Columbia University failed to report a list of foreign donors to the New York State Department of Education - including a $250,000 donation from an unidentified Saudi Arabian - more than five months after it was required to do so by law.
Under a state education law, universities must file to the state Education Department all gifts from foreign governments, persons, and legal entities no later than 30 days after the final day of the fiscal
year of the institution.
Columbia filed to the department on January 16, missing the deadline by 170 days.
"I don't know why we were late in filing. But the important thing is we filed, and we tried to make an effort to meet all regulatory requirements," said a spokeswoman for Columbia, Susan Brown.
It is unclear if Columbia failed to disclose its foreign gifts from previous years. Columbia's acting treasurer and controller, whose office handles foreign gift filings, Richard Ruttenberg, did not return
Scrutiny surrounding foreign donations to universities has heightened since September 11, as fears have grown that governments and people hostile to America are funding programs or professors sympathetic to their views.
"Universities have a fundamental obligation to reveal foreign funding, especially of foreign area studies,"the editor of the Middle East Quarterly and author of "Ivory Towers on Sand," Martin Kramer, said.
On his Web site, martinkramer.org, Mr. Kramer has accused Columbia of concealing funding of the Edward Said chair of Arab studies, which is occupied by Rashid Khalidi, director of Columbia's Middle East Institute and a harsh critic of Israel. Columbia has refused to disclose a list of donors to the chair.
"We all believe we are entitled to know whether a tobacco company has funded a particular academic research project on the health effects of smoking.For exactly the same reason, we are entitled to know whether Chinese or Saudi sources have funded American academic research on China or Saudi Arabia," he said.
Last year, Harvard Divinity School came under pressure to return a $2.5 million donation from the president of the United Arab Emirates, Sheikh Zayed Al Nahyan, after a student discovered that an Arab think tank bearing the president's name promoted anti-Semitism and Holocaust-denial
propaganda. Harvard put the money on hold after the UAE shut down the center.
A copy of Columbia's filing shows that an unnamed Saudi gave Columbia $250,000 for "social science research" on May 7, 2003. Columbia's disclosure listed funding from 17 other countries. The most money from any one country came from Canada, which gave about $1.5 million through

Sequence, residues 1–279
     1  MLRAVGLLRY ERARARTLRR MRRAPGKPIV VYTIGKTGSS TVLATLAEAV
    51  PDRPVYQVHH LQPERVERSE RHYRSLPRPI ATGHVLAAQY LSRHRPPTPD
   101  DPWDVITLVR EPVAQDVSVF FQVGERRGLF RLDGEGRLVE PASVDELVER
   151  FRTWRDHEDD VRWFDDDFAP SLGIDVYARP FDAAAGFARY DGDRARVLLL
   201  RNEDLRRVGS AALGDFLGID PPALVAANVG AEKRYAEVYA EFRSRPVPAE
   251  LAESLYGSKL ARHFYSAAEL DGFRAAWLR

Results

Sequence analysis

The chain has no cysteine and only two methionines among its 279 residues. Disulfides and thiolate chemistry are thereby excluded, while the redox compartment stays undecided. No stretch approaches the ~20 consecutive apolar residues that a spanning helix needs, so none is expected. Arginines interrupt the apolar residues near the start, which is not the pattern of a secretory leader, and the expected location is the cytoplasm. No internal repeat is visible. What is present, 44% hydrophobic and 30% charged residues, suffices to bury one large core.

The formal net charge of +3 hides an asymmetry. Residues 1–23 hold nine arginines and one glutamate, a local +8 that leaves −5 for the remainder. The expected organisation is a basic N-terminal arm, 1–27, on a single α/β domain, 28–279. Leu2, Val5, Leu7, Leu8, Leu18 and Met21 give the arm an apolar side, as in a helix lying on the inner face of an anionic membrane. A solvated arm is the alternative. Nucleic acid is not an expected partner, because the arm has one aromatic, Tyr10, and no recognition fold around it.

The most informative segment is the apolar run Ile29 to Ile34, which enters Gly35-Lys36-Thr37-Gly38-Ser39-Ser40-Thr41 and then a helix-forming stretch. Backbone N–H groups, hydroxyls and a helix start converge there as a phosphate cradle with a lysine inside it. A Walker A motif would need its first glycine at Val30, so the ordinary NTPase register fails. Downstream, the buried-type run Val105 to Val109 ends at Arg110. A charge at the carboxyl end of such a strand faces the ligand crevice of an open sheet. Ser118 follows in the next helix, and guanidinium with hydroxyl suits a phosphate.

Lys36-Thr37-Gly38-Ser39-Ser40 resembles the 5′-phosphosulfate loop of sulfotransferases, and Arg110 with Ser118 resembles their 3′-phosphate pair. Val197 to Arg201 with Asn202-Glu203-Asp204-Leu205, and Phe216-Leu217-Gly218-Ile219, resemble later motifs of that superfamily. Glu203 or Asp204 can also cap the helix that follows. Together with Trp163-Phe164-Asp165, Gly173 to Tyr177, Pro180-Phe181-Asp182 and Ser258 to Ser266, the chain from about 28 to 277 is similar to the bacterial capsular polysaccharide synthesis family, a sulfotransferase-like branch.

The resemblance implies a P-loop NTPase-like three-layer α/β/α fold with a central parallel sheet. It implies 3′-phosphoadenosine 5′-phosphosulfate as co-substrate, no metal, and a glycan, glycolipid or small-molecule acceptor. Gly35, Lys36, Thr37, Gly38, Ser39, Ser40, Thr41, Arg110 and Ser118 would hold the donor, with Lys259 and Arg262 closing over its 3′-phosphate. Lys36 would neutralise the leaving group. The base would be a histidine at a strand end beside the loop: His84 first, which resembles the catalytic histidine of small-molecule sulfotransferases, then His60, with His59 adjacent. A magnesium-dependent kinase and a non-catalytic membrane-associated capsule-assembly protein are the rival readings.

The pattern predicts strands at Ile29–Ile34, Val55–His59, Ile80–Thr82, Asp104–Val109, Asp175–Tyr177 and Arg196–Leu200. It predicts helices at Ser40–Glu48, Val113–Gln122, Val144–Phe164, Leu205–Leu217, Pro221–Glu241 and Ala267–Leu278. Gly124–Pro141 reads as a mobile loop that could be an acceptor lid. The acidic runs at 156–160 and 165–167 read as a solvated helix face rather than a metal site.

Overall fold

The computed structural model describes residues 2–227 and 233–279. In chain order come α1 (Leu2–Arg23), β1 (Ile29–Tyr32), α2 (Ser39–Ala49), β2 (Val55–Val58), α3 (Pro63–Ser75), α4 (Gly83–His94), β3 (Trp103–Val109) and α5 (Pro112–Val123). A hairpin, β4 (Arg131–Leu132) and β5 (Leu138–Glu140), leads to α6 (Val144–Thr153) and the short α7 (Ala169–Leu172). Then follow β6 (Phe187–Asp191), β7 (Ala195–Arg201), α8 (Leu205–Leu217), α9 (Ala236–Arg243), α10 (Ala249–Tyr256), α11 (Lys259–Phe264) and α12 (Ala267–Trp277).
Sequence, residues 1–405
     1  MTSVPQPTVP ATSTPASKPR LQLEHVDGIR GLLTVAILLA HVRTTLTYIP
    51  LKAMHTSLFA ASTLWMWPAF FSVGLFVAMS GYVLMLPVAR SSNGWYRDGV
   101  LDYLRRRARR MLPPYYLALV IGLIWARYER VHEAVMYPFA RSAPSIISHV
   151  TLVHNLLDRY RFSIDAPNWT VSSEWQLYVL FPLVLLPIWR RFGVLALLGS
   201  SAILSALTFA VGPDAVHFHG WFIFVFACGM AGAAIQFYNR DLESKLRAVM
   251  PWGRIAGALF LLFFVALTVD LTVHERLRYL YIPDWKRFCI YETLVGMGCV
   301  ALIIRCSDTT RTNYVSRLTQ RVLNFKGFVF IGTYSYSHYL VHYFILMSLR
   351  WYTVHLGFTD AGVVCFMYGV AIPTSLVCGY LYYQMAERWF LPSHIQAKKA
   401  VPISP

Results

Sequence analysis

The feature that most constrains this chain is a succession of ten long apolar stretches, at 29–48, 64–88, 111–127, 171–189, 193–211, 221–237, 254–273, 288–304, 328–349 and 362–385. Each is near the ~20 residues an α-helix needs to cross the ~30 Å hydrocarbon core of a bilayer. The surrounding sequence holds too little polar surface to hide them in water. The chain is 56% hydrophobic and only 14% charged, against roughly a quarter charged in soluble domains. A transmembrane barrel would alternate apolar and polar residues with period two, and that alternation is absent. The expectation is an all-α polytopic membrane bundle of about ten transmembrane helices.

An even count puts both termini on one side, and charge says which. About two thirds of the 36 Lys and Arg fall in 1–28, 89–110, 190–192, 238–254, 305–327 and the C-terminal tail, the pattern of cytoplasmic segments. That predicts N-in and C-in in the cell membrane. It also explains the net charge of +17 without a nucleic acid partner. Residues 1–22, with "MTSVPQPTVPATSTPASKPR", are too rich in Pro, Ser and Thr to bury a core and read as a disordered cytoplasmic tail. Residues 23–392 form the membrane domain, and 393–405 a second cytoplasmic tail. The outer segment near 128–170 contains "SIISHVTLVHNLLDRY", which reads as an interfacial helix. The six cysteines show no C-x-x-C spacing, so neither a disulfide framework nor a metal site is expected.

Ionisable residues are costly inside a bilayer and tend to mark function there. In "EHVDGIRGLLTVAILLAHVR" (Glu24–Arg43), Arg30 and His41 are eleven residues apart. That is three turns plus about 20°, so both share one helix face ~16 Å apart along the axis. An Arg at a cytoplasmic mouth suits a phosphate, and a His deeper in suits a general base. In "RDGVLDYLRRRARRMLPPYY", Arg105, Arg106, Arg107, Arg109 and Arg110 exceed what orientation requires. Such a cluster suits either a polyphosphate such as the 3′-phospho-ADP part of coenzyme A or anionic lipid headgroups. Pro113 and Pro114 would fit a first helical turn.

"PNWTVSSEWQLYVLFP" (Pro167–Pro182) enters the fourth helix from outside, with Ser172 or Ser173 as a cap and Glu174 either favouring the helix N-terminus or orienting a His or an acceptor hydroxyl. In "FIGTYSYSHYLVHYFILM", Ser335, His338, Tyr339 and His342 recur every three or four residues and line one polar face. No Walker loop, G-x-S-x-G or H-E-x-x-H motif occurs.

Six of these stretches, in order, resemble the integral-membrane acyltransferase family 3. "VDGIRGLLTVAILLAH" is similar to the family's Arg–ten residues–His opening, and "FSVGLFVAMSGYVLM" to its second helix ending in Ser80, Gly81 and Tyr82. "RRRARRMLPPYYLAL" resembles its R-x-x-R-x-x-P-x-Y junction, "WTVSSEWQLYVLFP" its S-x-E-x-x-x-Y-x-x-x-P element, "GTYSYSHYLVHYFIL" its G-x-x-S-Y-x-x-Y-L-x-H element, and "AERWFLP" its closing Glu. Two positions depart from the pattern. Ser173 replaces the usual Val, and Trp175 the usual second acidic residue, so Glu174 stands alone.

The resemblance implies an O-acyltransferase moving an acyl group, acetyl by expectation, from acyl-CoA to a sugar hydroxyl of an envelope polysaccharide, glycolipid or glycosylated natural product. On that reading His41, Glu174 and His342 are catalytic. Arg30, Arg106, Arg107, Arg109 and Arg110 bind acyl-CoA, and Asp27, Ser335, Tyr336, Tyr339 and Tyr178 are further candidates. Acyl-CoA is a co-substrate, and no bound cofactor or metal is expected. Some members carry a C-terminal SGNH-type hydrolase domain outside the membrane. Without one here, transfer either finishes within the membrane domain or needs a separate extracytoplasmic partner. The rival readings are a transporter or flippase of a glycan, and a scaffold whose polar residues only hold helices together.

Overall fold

its government, two corporations, and a foundation.
Columbia's delay in filing also points to holes in the Education Department's disclosure laws. Though the law has been on the books for almost 19 years, the Education Department has a record of Columbia's foreign gifts for only the fiscal year ended 2003.
Filings are supposed to be directed to the Education Department's office of college and university evaluation.
The office has records of only three other schools in New York State. It has filings for fiscal year 2003 and 2001 from New York University and 1999 through 2002 from Cornell University. It also has a 2001 disclosure from Rensselaer Polytechnic Institute.
A department official told The New York Sun the office has no way of knowing if universities and colleges are complying with the state law. Section 207-a of the education law does not specify any penalty for noncompliance.
The official said the department does not enforce its law. "Checking up could mean that we would have to check up on every institution every year. And we simply don't do that," the official said.
The official said it also possible that the Education Department lost the records during a consolidation of department offices over the last few years. "When those things happen, it is always possible that those things could be misplaced," the official said.
State Senator Kenneth LaValle, chairman of the Education Committee, proposed a bill in 2002 that would have penalized schools up to $5,000 for not disclosing their foreign gifts.
Mr. LaValle said in 2002 his office discovered little compliance with the existing law. "While we have a system that tracks foreign contributions to universities and colleges, the measures I propose will ensure compliance with the law and require additional information be disclosed," Mr. LaValle said.
The bill passed the Senate in 2002,but never came up for a vote in the Assembly.